Good luck, its with this logic that we are going to solve our problems.

  • A learner of Arabic
    4 February 2008

    Welcome to the globalized world, Bahrain! It was about the time! :mrgreen:

    Seriously, I think Bahrain will cope OK. The really fun part is, how those Saudi princes who think they are Allah’s bounty to humanity will copy. Now think of THEIR faces the day the Filipina nurse comes to tell them the United Workers’ Provisional Strikers’ Committee has taken over and that Tagalog and Hindi have been declared co-official languages.

  • muafaq al-ansari
    4 February 2008

    Please Mahmood… it’s the Persian Gulf!
    3fwan

  • A learner of Arabic
    4 February 2008

    The Gulf will probably weather the immigration storm, although not without some social changes. Europe will not; there will be blood in the streets and likely another world war in the next 20 years or so.

    This is of course anti-immigrationist crap. For example, in France there hasn’t been a major terrorist incident for years, because mosques have been infiltrated and uncomfortable fundamentalist imams deported without much fuss.

    The percentage of immigrants in Gulf countries is much higher than in your typical European country. And to put it mildly, Muslim countries aren’t very keen on assimilating newcomers (except those who are happy to turn Muslim, maybe), while European and Western culture is by its very “decadence” very inclusive and seductive. So, to be quite blunt, I am afraid there is much more potential for conflict in the Gulf countries: Filipinos and Hindu Indians will demand full citizenship, thwy won’t turn Muslim, and they won’t budge. Neither will the hardline nativists and Islamists in Gulf countries. That could be a recipe for disaster and racial war.

  • Anonny
    5 February 2008

    This is of course anti-immigrationist crap. For example, in France there hasn’t been a major terrorist incident for years, because mosques have been infiltrated and uncomfortable fundamentalist imams deported without much fuss.

    For how long will this uneasy status quo continue?

    Filipinos and Hindu Indians will demand full citizenship, thwy won’t turn Muslim, and they won’t budge.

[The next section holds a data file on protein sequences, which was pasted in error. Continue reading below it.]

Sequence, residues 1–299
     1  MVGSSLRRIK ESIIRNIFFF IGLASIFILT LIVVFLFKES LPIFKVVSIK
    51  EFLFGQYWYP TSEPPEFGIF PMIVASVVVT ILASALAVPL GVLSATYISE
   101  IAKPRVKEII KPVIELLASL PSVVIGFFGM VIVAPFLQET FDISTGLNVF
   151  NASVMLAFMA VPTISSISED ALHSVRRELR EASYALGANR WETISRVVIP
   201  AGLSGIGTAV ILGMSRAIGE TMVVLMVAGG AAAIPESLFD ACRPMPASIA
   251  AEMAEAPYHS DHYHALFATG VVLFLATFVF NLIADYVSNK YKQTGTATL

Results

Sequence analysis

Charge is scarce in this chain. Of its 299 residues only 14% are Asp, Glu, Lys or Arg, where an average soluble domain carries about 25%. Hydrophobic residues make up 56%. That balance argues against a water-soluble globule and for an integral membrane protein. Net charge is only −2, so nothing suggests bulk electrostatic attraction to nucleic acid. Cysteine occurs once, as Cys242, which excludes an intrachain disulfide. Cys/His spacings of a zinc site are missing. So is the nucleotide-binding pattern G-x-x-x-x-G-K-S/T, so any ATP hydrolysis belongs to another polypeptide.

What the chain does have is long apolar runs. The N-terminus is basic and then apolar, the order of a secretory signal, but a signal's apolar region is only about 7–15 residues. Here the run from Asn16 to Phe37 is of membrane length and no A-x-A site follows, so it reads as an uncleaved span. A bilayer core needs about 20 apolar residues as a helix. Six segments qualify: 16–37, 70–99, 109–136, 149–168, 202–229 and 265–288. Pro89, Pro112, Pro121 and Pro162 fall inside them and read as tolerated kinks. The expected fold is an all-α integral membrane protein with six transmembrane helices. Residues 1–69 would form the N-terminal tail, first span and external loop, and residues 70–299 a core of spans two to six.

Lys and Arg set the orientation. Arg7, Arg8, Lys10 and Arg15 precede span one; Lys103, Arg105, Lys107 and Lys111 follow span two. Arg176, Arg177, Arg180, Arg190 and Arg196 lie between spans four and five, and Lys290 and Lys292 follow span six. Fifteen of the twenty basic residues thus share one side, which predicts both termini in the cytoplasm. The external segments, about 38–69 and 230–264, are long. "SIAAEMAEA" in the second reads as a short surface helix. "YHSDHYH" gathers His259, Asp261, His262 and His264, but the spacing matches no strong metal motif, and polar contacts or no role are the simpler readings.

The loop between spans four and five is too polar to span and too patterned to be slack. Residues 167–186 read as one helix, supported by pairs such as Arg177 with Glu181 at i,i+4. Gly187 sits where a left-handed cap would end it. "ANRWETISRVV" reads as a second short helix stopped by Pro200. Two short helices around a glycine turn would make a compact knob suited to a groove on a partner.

Not true. They will budge and it will be quite possible for Khaleeji governments and native peoples (who will be pretty unanimous on this issue) to unite and shift them. Who in the region, after all, are the ones with the military budgets? There were protests regarding this issue from Indians in the UAE a few years ago – but not for long.

  • bikeshed
    6 February 2008

    couple of things…

    1. the vast majority of these demographics are driven by ‘guest workers’, not immigrants…very few of these guys are able to purchase residency here anyway…these poor bastards will basically leave with the tower cranes once they’ve built all that we can think of building

    2. interesting to hear the corresponding view from across the puddle link

    3. why is everyone making such a drama about what is essentially the history of mankind? after all, we are living in a democratic age and the system of governors, citizens and slaves we have is probably closer to the Platonic ideal of a Republic than anywhere else on the planet…i mean seriously, far greater minds have tussled with the issue of ‘who shovels the shit if we are all equal’…just be happy it ain’t you…

  • A learner of Arabic
    6 February 2008

    For how long will this uneasy status quo continue?

    What “uneasy status quo”? This is what is usually done about potentially criminal subcultures: police infiltrates them and arrests the criminals. No different from any underworld. The long-term result is, that more and more Muslims get pissed about being an underworld and accept mainstream values instead. This is happening all the time, but it does not interest media, for which only bad news is newsworthy.

  • Anonny
    6 February 2008

    What “uneasy status quo”? This is what is usually done about potentially criminal subcultures: police infiltrates them and arrests the criminals. No different from any underworld. The long-term result is, that more and more Muslims get pissed about being an underworld and accept mainstream values instead.

    Not much time at the moment, so here are
    two words: demographic shift.

  • Ibn
    10 February 2008

    Craig,

    I’d be down with the whole “social disharmony” thing if the US was being over-run by Muslims, though. If that happens, I may have to move to Mexico.

    Ditto Craig.

    If the US even _thinks_ about doing to the Arab-Americans what they did to the Japanese-Americans during WWII, ill be the first to contribute to the “social disharmony” you’re so “down” with. 😉

    -Ibn